So what do apples, pears, loquats, medlars and quince all have in common?
They are all fruits that are botanically classified as pomes (also sometimes spelled, pommes). Pomes are part of the family Rosaceae, which also contains roses, stone fruit, strawberries, almonds, and hawthorne bushes.
Pomes essentially are defined by the composition of their fruit. A pome is what we call an accessory fruit, meaning the edible flesh is composed of both of the carpels (the parts of a flower that develop into fruit and seeds) as well as various accessory tissue.
The core consists of the numerous fused carpels that contains the seeds. The seeds are surrounded by a tough, leathery, and fibrous flesh called endocarp. This is surrounded by a lighter and softer mesocarp, the bulk of the flesh you eat of the fruit. Outside of that is the epicarp, which is the skin of the fruit.
The trees themselves are deciduous, meaning the tree drops its leaves annually and goes dormant in winter. Flowering occurs in spring with fruit harvest in late summer and through autumn.
Pomes have a long history of being a regular source of food for numerous cultures. In fact, apples have long been one of the most popular fruits throughout Europe and America.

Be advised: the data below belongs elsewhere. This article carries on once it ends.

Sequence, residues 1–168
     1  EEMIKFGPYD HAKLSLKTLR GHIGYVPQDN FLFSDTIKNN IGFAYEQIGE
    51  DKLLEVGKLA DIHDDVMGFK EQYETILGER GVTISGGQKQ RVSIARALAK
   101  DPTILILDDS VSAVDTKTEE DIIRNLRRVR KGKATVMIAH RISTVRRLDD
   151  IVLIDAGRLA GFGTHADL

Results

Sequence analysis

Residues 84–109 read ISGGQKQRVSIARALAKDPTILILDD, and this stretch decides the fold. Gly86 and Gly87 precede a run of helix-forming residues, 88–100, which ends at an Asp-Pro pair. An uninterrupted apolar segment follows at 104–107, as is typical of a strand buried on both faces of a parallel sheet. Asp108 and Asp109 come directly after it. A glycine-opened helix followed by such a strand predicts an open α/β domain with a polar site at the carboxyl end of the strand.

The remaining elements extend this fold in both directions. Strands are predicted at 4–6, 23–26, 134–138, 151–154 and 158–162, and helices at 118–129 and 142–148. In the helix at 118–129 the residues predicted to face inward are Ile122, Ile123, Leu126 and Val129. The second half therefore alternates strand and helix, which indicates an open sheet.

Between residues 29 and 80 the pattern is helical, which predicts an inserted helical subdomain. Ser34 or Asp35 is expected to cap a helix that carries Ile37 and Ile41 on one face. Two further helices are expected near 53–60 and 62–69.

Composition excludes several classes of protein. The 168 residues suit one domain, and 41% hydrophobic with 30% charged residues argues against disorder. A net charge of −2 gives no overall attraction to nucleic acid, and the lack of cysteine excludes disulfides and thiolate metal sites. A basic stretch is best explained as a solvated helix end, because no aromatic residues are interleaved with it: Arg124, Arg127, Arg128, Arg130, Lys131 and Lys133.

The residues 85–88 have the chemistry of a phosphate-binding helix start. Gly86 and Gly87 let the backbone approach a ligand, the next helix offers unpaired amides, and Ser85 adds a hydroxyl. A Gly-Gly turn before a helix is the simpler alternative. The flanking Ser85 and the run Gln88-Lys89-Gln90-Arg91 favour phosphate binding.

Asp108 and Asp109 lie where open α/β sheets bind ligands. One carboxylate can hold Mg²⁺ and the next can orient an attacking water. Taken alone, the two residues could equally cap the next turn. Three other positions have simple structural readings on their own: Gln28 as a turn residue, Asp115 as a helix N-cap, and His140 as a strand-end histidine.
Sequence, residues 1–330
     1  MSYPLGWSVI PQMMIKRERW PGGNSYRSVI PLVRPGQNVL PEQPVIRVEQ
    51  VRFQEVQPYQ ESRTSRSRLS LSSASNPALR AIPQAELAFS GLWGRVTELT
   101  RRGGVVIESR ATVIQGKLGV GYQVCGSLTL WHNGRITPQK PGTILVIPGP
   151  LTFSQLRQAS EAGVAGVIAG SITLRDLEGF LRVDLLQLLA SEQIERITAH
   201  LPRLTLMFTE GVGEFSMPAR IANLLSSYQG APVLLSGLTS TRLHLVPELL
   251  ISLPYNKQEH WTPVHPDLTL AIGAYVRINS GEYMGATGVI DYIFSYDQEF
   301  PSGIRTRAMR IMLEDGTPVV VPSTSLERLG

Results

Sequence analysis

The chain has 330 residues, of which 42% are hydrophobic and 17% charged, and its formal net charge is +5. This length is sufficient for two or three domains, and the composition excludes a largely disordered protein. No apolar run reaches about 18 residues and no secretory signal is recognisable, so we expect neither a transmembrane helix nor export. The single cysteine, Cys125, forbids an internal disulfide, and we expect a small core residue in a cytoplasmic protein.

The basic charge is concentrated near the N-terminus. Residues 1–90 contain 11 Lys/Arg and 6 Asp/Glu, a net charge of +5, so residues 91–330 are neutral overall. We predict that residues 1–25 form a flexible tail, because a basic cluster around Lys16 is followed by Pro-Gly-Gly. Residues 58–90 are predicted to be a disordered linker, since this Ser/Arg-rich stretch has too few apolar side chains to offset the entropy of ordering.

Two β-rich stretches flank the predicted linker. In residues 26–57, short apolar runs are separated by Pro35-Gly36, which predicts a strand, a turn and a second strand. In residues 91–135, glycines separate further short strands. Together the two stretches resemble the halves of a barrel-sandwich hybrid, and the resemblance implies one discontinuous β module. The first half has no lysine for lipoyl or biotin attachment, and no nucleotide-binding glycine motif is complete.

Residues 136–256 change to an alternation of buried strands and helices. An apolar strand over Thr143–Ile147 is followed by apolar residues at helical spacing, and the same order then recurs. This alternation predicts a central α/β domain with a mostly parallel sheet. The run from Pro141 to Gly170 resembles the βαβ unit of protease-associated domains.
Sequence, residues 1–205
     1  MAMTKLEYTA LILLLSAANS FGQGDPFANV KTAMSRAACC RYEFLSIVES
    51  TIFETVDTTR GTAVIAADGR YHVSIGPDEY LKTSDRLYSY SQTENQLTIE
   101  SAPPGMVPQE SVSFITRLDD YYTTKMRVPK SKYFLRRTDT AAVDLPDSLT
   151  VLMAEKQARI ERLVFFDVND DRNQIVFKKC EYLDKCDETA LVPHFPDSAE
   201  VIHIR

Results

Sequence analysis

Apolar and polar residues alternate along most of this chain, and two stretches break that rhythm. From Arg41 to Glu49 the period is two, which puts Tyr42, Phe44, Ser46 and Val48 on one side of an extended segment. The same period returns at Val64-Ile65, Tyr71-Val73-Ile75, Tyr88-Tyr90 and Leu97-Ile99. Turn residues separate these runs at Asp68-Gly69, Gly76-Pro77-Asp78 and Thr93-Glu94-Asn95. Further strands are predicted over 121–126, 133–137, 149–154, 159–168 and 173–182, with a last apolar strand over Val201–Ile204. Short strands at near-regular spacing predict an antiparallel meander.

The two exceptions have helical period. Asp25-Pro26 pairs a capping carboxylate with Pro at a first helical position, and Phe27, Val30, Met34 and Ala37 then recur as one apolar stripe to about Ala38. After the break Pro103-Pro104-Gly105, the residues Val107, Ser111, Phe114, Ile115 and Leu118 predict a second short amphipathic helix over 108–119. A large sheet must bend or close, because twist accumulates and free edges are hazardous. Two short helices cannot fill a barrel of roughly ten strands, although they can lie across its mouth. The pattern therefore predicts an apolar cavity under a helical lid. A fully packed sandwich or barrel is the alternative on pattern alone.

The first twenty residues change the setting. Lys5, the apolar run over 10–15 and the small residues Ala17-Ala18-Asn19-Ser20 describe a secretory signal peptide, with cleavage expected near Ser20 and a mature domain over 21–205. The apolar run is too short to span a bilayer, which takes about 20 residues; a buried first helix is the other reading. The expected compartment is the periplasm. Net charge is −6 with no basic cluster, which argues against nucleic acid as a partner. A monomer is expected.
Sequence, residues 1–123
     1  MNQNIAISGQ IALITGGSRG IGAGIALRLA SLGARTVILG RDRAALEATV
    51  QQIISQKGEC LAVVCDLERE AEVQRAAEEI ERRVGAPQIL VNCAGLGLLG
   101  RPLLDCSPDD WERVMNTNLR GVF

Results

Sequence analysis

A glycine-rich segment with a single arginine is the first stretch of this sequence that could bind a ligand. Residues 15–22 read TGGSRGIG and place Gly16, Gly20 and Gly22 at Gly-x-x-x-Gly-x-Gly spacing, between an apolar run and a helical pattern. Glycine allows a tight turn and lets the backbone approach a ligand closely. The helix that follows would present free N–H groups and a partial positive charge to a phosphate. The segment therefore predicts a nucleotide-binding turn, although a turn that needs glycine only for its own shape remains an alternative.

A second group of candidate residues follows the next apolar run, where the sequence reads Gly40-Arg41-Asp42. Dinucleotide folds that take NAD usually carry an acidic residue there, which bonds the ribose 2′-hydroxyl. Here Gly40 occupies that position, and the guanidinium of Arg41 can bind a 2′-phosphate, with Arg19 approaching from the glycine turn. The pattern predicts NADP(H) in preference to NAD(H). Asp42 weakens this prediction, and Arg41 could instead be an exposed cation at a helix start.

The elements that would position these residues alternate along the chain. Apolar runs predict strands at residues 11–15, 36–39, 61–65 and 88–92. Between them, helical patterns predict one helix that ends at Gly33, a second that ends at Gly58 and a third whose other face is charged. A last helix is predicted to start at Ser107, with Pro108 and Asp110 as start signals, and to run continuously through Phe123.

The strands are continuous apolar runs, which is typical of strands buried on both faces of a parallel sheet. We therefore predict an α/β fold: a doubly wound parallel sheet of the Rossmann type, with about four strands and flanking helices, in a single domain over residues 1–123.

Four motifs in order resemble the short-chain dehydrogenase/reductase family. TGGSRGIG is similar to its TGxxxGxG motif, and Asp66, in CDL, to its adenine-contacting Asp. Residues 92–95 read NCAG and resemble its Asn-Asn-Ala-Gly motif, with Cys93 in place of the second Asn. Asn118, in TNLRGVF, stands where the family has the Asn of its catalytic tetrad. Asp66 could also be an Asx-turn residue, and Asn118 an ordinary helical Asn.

It’s estimated that nearly 60% of pomes grown through much of history were used not for eating but to produce alcoholic ciders. This only simmered down in Europe with the rise in popularity of wine and beer, and in the United States due to prohibition when apple orchards then had to market 100% of the crop to table eating.
(This in turn also caused the loss of numerous heirloom varieties, as not all apples were good for eating, but rather bred for brewing.)
Pomes are also known for their ability to easily graft. A single rootstock can support nearly 20 varieties. Often apple, pears, and Asian pears (aka: nishi) are sold with numerous grafts to ensure variety but to also protect against diseases and pests.
Apples, Asian pears, and pears are by and far the most popular types of pomes and there are hundreds of cultivars of each, though a few specific ones dominate the market.
Loquats generally enjoy popularity in Asia and the Middle East, and while they grow well in North America, they’re mainly grown as ornamentals with few owners rarely realizing the fruit is even edible.
Medlars, quince, and rowans were popular fruits through much of Europe, but fell out of popularity as apples and pears produced more flavorful, larger fruit in larger numbers. Quince still enjoys a bit of popularity today, but medlars and rowans are rarely grown for mass commercial use.
List of Edible Pomes